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I have read that the central bank has an interest rate which affects the rate at which banks borrow and lend federal reserves to one another.

What I am confused about is how the central bank's interest rate affects individuals, for example, how the central bank interest rates affects the interest rate of a loan or mortgage.

Why do personal loans and other commercial bank services interest rates change based on the central bank's interest rate?

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When the Central Bank raises it's interest rate, it becomes more expensive for banks to borrow money from the Central Bank. Thus, they must charge more when lending it out (to both individuals and businesses).

Conversely, when the Central Bank lowers it's interest rate, it becomes less expensive for banks to borrow money from the Central Bank. Thus, they can charge less when lending it out (to both individuals and businesses).

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Broadly speaking, the rate on a loan can be thought of as composed as two parts-- the risk-free rate and the rate the lender requires to deal with the risk of the loan. So

loan rate = risk-free rate + risk premium

The risk-free rate is the rate at which the central government can borrow (ignoring the very, very small risk that the United States or another major Western government would default on their debt). And that rate is basically the rate that the central bank sets (it's not exact but close enough for our purposes). If the bank didn't lend out their deposits to borrowers, they could make the risk-free rate by lending to the government (buying government bonds).

Then you add in the rate that the bank needs to charge in order to account for the risks on the particular loan. If you're putting up appreciating collateral (like a house), you'll get a better rate than if you're putting up depreciating collateral (like a car), which is still better than the rate you'd get if you're not putting up any collateral (i.e. a credit card). You'll get a better rate if your credit score says that you generally pay your debts on time than if it shows a bunch of missed payments. And there are various other risk parameters (income, assets, etc.)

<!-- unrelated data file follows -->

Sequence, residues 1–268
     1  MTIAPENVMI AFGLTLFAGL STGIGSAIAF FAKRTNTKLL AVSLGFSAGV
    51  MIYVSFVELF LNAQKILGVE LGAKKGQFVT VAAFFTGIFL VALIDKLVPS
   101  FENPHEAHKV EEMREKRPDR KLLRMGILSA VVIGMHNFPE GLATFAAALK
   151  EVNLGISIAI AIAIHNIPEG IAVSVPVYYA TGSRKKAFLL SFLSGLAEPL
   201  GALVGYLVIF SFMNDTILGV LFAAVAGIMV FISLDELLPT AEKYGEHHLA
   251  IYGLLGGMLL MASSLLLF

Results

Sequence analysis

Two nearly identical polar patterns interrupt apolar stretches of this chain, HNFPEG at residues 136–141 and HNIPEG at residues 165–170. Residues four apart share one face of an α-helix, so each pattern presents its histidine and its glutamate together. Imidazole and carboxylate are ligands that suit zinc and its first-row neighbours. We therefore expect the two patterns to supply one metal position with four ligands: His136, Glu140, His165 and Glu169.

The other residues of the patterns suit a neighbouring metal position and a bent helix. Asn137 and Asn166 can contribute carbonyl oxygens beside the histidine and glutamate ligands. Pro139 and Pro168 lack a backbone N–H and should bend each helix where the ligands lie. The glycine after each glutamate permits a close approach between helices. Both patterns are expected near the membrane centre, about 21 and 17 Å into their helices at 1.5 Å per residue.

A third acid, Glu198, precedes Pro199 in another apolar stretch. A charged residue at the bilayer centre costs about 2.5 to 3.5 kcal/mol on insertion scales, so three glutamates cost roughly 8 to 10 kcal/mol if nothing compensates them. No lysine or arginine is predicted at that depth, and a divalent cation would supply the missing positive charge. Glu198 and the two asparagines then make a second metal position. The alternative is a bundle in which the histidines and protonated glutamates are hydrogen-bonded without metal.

When the central bank adjusts the federal funds rate, the risk-free rate changes but the risk premium remains (approximately). So the rate a bank wants to charge will change in response.

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This totally depends on the mortgage / loan contract.

Some are variable rate. For example, where I live, it's common to have Euribor 12mo + margin as the loan rate. This means your interest rate is fixed for the next 12 months at the Euribor 12mo + margin rate at the interest fixing day. The rate stays the same for 12 months, and then is fixed again for the next 12 months.

Some are fixed rate. Typically loans with over 1 year interest rate are classified as fixed. For example, the rate could stay the same for 10 years. If the loan is longer than 10 years, then the market rate changing would affect the loan rate after 10 years from the start of the loan period.

The benefit of variable rate loans is that you generally can pay it back whenever you want.

In contrast, fixed rate loans typically can't be paid back in every single market condition. The reason is simple. If you have a $100,000 10-year bullet loan at 4% rate, you owe $148,024.43 at the end of the loan period. Now, if 10-year market rates lower to 1%, what does it mean for the bank? You would need to pay back $134,004.58 because paying back only $100,000 would not allow the bank to have $148,024.43 at the end of the loan period.

By allowing paying back fixed rate loans in every single market condition would act as a one-way clutch. As a borrower, you could pay back and refinance your loan every time the market rate becomes lower, so you would benefit from reduced rates. In contrast, the bank cannot demand you to refinance your loan every time the market rate becomes higher.

The Euribor rates aren't exactly the same as the central bank rates, but they respond to changes in the central bank rates. The reason central banks adjust their rates is that the adjustments are reflected in the Euribor market rates.

Let the downvotes begin!

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